Each time I have to record a webinar, I have trouble remembering how exactly did I do it last time, so I decided to document my workflow. Maybe this will help somebody else besides me …
If you have any ideas on how to improve my workflow or if you have a different way of solving same problems, then please post it in the comment section. Thanks!
[v 1.01: Added screenshots of CamStudio and Filmora settings and few words on Audacity settings.]
[v 1.02: Added appendix A with some time&space information.]
Webinar recording starts way back before the first word is spoken. I typically start with an outline where I decide what ideas I want to communicate to my listeners. Then I create slides and code examples (typically in parallel – a bit of this, a bit of that). At the end I write down script for the part of the presentation where slides are visible on the screen. The parts where I present something in the IDE are typically not scripted – I just notch down the important facts I want to tell and then improvise around that.
A webinar time is precious and having a good script greatly enlarges a quantity of information you’ll be able to present in a given time.
The most important part of my workflow is also the first I use – a good microphone. No post processing will help you if you record yourself on a crappy headset mic. There’s lots of good stuff out there, but I didn’t want to spend too much on a piece of hardware I’m only using few times a year, so I bought what is probably the best cheap USB mic on the market – the Blue Snowball. Currently, you can get it on Amazon for under $60. (Two years ago I paid 99 €, so I would consider this a very good price.)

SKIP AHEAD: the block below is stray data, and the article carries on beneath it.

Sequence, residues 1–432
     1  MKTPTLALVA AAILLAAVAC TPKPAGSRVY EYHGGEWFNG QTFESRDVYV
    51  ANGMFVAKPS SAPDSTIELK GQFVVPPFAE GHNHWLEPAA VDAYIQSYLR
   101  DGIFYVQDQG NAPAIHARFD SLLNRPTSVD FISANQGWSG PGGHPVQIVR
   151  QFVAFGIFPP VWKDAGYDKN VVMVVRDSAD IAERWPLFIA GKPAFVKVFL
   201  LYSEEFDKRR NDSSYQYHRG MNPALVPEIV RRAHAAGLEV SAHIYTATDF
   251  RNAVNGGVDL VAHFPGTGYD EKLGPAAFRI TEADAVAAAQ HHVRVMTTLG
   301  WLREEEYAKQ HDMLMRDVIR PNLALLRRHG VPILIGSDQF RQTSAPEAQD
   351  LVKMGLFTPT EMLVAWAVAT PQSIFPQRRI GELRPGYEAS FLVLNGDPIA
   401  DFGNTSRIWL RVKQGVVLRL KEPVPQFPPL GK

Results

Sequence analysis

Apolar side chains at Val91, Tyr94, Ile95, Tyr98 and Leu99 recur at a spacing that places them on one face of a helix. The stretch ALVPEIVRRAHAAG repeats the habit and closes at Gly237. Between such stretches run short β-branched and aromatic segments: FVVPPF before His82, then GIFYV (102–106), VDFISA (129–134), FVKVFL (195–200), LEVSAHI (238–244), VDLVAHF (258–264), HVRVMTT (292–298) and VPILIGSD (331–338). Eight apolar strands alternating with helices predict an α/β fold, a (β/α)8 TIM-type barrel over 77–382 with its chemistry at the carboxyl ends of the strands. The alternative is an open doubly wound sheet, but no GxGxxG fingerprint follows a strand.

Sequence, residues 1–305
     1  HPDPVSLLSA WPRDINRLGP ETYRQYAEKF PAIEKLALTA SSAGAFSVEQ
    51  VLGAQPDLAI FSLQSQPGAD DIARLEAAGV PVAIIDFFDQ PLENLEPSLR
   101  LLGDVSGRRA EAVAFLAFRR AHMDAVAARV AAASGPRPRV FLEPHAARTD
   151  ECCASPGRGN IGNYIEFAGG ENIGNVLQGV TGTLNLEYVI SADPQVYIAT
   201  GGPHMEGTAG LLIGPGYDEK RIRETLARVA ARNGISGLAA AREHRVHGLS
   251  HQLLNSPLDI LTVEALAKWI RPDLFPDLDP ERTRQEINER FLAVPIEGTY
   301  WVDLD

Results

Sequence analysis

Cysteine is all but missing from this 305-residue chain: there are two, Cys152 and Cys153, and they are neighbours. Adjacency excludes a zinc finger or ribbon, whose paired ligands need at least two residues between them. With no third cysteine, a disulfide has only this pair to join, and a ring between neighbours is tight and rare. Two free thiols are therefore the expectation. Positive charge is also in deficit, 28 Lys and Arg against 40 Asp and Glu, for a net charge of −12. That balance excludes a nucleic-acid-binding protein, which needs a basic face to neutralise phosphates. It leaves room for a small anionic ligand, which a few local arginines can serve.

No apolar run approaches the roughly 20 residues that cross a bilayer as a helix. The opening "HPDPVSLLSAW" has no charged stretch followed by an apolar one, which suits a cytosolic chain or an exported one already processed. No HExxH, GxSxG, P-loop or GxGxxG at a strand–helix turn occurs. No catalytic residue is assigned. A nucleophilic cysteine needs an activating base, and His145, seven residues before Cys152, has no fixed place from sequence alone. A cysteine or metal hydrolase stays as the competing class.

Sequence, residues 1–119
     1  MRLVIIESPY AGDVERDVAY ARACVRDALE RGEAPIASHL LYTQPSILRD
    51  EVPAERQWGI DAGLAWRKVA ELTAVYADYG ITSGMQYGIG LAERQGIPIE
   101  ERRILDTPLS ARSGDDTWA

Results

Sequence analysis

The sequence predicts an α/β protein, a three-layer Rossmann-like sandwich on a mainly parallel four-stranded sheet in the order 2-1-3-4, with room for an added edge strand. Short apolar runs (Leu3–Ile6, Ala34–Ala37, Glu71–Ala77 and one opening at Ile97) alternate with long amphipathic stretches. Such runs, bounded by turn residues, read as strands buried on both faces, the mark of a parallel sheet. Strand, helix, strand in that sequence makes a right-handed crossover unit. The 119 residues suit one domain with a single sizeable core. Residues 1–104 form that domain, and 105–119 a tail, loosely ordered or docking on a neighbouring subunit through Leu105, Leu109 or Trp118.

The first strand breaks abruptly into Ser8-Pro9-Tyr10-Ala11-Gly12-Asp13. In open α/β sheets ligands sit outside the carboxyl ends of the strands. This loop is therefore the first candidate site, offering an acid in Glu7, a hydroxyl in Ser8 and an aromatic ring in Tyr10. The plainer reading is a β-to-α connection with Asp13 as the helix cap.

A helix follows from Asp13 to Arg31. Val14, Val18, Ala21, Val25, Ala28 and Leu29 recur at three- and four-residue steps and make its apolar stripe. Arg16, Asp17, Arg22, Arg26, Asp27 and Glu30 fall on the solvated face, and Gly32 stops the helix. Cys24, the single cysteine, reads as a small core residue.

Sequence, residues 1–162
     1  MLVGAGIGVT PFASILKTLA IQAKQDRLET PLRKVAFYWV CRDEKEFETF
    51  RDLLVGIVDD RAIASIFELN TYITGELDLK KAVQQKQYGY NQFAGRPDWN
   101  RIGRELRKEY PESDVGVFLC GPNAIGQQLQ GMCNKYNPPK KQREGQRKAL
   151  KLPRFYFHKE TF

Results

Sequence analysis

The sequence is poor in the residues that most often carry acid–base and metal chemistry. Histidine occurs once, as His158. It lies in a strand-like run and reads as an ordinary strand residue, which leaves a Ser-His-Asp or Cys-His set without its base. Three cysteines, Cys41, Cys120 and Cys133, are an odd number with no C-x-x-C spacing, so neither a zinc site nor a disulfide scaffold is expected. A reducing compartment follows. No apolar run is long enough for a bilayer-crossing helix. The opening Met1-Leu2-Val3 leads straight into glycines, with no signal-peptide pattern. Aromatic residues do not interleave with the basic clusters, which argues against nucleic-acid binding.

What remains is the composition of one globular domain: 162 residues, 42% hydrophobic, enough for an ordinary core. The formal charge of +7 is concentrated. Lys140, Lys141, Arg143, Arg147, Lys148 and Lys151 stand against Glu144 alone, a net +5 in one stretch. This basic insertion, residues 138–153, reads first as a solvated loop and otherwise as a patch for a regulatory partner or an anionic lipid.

The trick with using a good microphone is to establish a proper distance between your mouth and the mic, so some testing is required to set up a comfortable and optimal working area. For this year’s CodeRage I actually put the microphone too far away when recording the “hands on” programming part and the level was quite low, but because the Snowball is such a good mic and because my environment was very quiet, I was able to fix that in post production.
This brings us to the second part – good environment. The room you are recording in should not be too small and definitely should not have bare walls as the echo will kill the recording. You’ll get many advices on the internet, but I solved this problem in a simple manner and I’m recording my webinars in the shared home office late at night when everybody else is asleep. At that time I can also shut down most of devices so the environmental hum is not too high.
For recording, I’m using the free open source CamStudio. (Camtasia is also popular choice.) I like to set up one of my monitors to the target video resolution (for example 1920 x 1080 for full HD) and record applications full-screen. The picture may be a bit crappy for me, as the monitor is not running on its native resolution, but that of course doesn’t affect the recording and it greatly simplifies window management.
For saving the recorded video I’m using the following settings:
Resulting files are big but they are later recompressed to MP4 so that’s not a problem.
While listening to the CodeRage sessions I noticed that frequently presenters record them in one go, as if they would be presenting on-line, so the sessions contain mistakes, which are fixed “on screen”, presenters are correcting the text on slides and so on. There’s really no need for that. If I can’t find correct words, I just pause for few seconds, rethink what I want to say and then say it again. The bad part can be easily cut out in the next step. If I find an error in the code or on slides, I pause the recording, correct the error and retry from the “last known good” point in the recording.